Skip to main content
Home / Insights / Technical

VAT in The Digital Age (ViDA) – Developments You Should Know

train station with perspective and sunrise
May 28, 2024

AGN EMEA Tax Committee News

Are you aware of the ViDA reforms and what impact this will have on EU Businesses?

In December 2022, the European Commission published its proposed “VAT in the Digital Age” (ViDA) reforms to amend the European Union (EU) Value Added Tax (VAT) system with the view to respond to the challenges of digitalisation.

The proposed changes, which aim to reduce the estimated €93 billion “VAT Gap” in the EU and to make the VAT system more efficient for businesses, revolve around three “pillars”.

VAT in the Digital Age (ViDA) Three Pillars

Pillar 1:

  • Mandatory digital reporting of intra-community transactions; obligation to be able to issue and receive intra-community e-invoices; Member States free to impose own e-invoicing or real-time reporting but most conform to EU e-invoice standard EN 16931;
  • Original Introduction Date: January 2028;
  • Revised Introduction Date: July 2030.

Pillar 2:

  • Travel & accommodation sharing platforms to become deemed supplier / liable to users’ VAT. New definitions of the roles of providers, users and platforms to avoid double and no-taxation;
  • Original Introduction Date: January 2025;
  • Revised Introduction Date: July 2028.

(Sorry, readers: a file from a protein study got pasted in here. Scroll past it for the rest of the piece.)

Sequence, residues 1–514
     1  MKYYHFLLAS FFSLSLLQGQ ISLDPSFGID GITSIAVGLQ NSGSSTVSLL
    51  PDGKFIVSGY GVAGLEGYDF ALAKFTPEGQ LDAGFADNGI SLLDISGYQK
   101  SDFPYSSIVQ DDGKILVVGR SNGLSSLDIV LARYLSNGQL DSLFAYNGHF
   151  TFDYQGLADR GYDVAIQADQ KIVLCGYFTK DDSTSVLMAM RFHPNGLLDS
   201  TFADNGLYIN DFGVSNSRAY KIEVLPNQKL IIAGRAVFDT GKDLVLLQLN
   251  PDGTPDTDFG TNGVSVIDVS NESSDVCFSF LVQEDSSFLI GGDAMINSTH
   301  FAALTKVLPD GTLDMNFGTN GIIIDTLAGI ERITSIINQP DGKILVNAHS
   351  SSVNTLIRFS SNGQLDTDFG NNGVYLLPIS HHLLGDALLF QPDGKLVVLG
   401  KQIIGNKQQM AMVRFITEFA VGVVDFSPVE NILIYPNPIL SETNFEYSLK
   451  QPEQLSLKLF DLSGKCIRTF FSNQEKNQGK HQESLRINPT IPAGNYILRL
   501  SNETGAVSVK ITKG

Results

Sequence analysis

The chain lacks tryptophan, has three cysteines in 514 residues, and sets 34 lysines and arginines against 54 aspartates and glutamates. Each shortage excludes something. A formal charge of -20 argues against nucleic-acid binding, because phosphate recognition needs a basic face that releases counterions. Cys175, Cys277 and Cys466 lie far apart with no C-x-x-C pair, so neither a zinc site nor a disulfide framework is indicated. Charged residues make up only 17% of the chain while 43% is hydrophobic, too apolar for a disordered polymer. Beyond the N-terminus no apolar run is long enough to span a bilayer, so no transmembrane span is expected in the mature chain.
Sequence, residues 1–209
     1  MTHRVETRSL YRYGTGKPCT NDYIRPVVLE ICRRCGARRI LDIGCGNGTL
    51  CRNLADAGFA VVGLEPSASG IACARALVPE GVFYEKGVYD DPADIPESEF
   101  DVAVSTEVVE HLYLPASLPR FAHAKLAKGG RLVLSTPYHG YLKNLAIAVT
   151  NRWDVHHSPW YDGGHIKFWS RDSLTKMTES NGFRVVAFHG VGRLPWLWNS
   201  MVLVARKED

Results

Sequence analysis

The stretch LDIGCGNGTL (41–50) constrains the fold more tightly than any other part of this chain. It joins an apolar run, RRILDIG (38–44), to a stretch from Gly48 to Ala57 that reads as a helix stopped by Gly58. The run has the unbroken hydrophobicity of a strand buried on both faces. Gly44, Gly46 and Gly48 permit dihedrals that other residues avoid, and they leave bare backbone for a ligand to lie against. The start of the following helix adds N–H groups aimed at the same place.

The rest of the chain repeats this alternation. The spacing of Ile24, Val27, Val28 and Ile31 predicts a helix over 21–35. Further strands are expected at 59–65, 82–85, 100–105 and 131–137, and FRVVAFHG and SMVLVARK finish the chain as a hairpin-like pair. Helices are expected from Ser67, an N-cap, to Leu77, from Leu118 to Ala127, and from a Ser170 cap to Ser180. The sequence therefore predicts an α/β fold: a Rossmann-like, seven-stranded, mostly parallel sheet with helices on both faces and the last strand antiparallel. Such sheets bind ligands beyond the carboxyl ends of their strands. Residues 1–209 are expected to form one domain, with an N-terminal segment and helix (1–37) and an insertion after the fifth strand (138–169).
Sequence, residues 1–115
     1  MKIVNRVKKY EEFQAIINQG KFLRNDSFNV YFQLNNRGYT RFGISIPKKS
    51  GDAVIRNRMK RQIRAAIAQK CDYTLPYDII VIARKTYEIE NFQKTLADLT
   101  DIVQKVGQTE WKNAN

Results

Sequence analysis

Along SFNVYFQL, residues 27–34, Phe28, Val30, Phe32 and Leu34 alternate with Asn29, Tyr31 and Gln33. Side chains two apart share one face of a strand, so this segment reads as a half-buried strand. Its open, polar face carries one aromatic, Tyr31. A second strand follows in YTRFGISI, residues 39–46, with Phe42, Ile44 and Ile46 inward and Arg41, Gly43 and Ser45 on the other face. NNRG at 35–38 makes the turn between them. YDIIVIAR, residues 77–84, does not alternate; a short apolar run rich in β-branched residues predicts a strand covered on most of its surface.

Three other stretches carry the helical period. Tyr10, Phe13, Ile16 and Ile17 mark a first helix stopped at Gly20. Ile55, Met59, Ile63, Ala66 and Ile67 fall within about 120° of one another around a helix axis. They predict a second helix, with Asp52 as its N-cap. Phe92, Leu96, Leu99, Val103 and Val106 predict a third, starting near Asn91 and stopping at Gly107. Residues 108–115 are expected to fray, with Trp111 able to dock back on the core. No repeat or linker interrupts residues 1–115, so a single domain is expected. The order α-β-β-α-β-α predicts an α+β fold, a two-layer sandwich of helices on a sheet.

Pillar 3:

  • Following the 1 July 2021 introduction of the One Stop-Shop (OSS), OSS will be extended to cover movement of own stocks prior to cross-border B2C to reduce the foreign, non-resident VAT registrations & returns (single pan-EU VAT registrations). Potential changes for movements of own stock with ending of ‘call-off’ stock burden;
    • Original Introduction Date: January 2025;
    • Revised Introduction Date: July 2028.

There are many questions arising from businesses on the proposed changes. Read on for an outline of the main questions listed below.

1. Where are we now?
2. Why is ViDA important?
3. What are the revised timings for ViDA?
4. What impact will this have on EU VAT registered businesses and their processes?
5. How will future Intra EU trade be affected?

1. Where are we now?

The ECOFIN ministers met in May 2024 to seek a political agreement on the above proposals, however it was not passed due to objections from one EU Member State (Estonia) around the Pillar 2 platform rules.

This has halted progress on all of the measures for now, however there is agreement to work through these and there remains a strong will to implement all measures as two of the three ViDA pillars were accepted with unanimity. As unanimous consent is required on all parts, none of the proposals can proceed until a compromise solution is found.

The current Belgian Presidency of the EU Council is likely to reattempt agreement with Estonia by the next ECOFIN on 21 June 2024.

2. Why is ViDA important?

The ViDA proposals will mean that EU Member States can use technology to improve the current VAT system and prevent fraud more efficiently.

As outlined above, the updates include facilitation of e-invoicing, introduction of mandatory digital reporting requirements of cross-border transactions and legal mechanisms to facilitate cross-border business and compliance. When enacted, this will mean significant changes to how VAT registered businesses operate in the EU.